Brussels, 09 Oct 2006
European life sciences training is being given a boost with the construction of a new Advanced Training Centre at the campus of the European Molecular Biology Laboratory (EMBL) in Heidelberg, Germany. 'Europe calls for a central platform where scientists from different countries, disciplines and generations can meet to exchange ideas and their best practices,' said Iain Mattaj, Director General of the EMBL. 'Filling this gap, the new ATC will not only strengthen EMBL's excellence and its leading role in Europe, but will also promote Europe as a hotspot for research and education.'
Work has just started on the Advanced Training Centre (ATC), which will have a double helix structure so as to resemble a DNA molecule. Funding for the €30 million project comes from the German Ministry for Education and Research, the Klaus Tschira Foundation and the federal state of Baden Württemberg, as well as the EMBL's member states.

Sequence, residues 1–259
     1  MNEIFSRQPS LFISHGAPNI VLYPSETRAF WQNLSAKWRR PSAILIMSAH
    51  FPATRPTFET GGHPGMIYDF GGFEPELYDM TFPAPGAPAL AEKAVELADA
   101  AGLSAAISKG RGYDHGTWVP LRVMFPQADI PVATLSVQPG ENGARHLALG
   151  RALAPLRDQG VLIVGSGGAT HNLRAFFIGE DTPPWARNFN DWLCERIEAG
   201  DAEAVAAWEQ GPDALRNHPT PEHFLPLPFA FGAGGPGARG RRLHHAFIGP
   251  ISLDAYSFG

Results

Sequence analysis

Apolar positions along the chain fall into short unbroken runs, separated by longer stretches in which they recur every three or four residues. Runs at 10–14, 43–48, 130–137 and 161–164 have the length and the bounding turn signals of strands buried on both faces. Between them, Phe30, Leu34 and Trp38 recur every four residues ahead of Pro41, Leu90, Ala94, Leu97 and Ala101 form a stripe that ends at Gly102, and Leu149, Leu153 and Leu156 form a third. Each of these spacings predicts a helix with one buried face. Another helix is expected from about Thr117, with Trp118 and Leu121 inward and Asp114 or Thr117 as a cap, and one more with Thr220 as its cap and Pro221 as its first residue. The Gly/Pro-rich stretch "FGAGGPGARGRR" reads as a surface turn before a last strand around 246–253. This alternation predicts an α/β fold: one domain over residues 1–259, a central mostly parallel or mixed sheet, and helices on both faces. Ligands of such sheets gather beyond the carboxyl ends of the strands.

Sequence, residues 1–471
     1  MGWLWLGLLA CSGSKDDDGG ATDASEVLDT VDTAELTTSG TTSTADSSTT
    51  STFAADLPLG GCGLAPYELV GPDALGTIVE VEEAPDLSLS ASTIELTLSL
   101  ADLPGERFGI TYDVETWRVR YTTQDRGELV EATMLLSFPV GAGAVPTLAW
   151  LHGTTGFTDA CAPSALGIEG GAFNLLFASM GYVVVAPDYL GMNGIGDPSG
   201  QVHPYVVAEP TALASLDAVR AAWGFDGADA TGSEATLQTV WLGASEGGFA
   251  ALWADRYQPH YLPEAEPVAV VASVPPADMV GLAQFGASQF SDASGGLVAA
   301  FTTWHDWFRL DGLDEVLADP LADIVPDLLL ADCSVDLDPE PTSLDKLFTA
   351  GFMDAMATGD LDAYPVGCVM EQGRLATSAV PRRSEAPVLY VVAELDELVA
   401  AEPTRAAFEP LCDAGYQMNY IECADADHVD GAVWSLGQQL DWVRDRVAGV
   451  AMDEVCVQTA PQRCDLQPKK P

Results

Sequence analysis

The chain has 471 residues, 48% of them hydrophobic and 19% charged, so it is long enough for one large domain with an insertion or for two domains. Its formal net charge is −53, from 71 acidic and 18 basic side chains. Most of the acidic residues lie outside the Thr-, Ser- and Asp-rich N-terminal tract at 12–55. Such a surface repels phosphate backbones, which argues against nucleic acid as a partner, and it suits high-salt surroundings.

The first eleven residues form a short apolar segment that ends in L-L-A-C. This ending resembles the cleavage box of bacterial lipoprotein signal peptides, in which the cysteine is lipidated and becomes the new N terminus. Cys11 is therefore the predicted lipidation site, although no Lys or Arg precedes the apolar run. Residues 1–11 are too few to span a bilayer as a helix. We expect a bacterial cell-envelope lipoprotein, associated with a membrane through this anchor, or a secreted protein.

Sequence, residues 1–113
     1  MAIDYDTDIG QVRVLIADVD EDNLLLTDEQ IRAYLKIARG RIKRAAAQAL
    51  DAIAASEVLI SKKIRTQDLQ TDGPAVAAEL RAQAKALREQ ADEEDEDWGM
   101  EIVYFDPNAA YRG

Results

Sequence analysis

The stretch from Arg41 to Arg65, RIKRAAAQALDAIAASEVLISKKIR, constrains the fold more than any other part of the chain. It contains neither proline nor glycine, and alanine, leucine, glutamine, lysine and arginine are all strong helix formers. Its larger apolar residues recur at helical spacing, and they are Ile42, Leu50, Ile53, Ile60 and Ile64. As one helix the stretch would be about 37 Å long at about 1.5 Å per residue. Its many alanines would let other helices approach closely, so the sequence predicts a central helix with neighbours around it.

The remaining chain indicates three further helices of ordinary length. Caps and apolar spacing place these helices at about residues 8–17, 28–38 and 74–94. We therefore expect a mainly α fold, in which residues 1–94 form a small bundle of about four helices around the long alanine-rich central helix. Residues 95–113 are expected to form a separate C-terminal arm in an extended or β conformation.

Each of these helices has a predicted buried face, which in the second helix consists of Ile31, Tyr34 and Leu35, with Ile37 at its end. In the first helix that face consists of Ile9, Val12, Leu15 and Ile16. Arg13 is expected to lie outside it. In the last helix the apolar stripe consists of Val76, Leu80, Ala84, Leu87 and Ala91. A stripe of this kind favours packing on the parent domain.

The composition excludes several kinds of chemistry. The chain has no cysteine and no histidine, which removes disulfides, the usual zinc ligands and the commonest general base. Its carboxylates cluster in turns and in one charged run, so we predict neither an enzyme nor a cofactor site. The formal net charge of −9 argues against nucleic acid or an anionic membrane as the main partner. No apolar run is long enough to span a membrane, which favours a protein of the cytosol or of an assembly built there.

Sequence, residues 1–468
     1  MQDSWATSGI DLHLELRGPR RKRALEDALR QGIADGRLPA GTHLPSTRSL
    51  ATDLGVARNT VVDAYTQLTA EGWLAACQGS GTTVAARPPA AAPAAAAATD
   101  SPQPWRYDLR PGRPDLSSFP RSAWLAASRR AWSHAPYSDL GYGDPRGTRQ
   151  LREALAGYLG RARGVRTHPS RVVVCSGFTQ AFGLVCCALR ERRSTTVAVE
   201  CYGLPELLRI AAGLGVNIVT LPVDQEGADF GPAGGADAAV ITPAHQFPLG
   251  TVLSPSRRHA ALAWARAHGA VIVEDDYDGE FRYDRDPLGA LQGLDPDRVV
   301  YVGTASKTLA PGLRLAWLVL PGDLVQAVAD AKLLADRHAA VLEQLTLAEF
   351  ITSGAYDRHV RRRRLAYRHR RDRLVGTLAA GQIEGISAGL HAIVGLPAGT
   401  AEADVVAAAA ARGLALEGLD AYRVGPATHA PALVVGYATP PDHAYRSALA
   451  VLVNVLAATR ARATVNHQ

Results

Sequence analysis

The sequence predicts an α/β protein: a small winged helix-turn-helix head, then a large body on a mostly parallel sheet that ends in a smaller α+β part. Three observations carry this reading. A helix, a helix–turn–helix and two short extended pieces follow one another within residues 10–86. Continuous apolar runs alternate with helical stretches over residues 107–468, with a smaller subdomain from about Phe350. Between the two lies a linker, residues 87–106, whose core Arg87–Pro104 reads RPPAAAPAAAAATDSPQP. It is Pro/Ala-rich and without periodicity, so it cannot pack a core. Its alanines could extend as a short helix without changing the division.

Training top level life science researchers is a key priority for the EMBL. In the new centre's teaching labs and seminar rooms, the organisation will run courses and practical workshops for scientists at all stages of their career.
'Scientists never really complete their education; there are always new things to learn,' commented Klaus Tschira of the Tschira Foundation. 'This is why our foundation is especially concerned with training projects and the promotion of young talents.'
The centre has also been designed to host international conferences. Among other things, it will feature an auditorium which will be able to hold an audience of 450 people, and a large display area for the presentation of scientific posters.
'The BMBF [German Ministry for Education and Research] supports the construction of the ATC as a groundbreaking project in the areas of scientific exchange, education and training in the life sciences,' said German Education and Research Minister Annette Schavan. 'Such a modern and high-quality centre will allow us to host many of the most prestigious conferences in Germany.'
The centre is due to open its doors in spring 2009.Further information: